We’ve had enough of digital monopolies and surveillance capitalism. We want an alternative world that works for everyone, just like the original intention of the web and net.
We seek a world of open platforms and protocols with real choices of applications and services for people. We care about privacy, transparency and autonomy. Our tools and organisations should fundamentally be accountable and resilient.
On Wednesday, August 20, 2014, Jörg F. Wittenberger <Joerg.Wittenberger@softeyes.net> wrote:
However I don't understand you "vaguely similar". It seems not to be that vague. It's just a different "machine" executing it: physical hardware or human agents. But both are supposed to stick precisely to the rules until the software is changed. (And both are usually buggy.)
I was trying to compensate for my bias by using understatement and ambiguity. But now that you challenge me, I feel obligated to try to respond.
Has anyone written a mathematical analysis of the isomorphism, it's features and limits?
Custom and law typically operate by defining constraints that must not be violated, leaving agents free to pursue arbitrary goals using arbitrary strategies within those limits. Software typically provides a menu of capabilities, defined (usually) by a sequential, goal oriented algorithm, often employing a single prechosen strategy. Constraints limit software, but do not dominate the situation as in law.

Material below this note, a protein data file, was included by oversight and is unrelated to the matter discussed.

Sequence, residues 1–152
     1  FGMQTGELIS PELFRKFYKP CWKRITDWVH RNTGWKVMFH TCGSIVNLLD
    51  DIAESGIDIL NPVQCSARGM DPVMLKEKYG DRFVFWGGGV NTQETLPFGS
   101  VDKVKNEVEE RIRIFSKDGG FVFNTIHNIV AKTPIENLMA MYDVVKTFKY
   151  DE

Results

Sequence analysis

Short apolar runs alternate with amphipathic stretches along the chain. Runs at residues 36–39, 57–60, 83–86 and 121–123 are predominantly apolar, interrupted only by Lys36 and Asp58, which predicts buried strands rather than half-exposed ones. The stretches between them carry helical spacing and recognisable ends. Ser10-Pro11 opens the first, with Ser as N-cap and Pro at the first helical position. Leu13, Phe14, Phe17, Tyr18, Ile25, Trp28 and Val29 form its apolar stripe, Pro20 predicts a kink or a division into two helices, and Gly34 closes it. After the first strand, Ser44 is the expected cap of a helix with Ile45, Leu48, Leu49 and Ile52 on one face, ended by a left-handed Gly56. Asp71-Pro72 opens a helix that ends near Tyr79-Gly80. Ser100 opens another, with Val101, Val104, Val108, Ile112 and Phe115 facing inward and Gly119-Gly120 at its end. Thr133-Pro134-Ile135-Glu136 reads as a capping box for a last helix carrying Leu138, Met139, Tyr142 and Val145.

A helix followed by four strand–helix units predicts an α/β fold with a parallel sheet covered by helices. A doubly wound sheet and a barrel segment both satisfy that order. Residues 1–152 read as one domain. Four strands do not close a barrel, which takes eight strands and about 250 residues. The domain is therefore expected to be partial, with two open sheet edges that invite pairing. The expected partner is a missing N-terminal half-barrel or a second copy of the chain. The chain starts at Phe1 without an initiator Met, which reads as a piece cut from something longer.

I must obey the traffic laws while driving to work. The law knows nothing about my goal. I am in charge. If/when we all have self-driving cars, traffic laws will serve no purpose, but the car has to know where I want to go, in addition to the constraints and heuristics that allow it to navigate safely there. I am still in charge, but not in control. Action in each case combines intent, strategy, resources and constraints, but the mix is different. Or maybe the level of abstraction?
I can use software to break the law, and I can use the law to break software, but it is an accident of language that I can make these statements, the meaning is not at all similar.
I would be delighted for you to convince me that I am being too pessimistic, ignorant and unimaginative. I would prefer to be on the other side of this argument.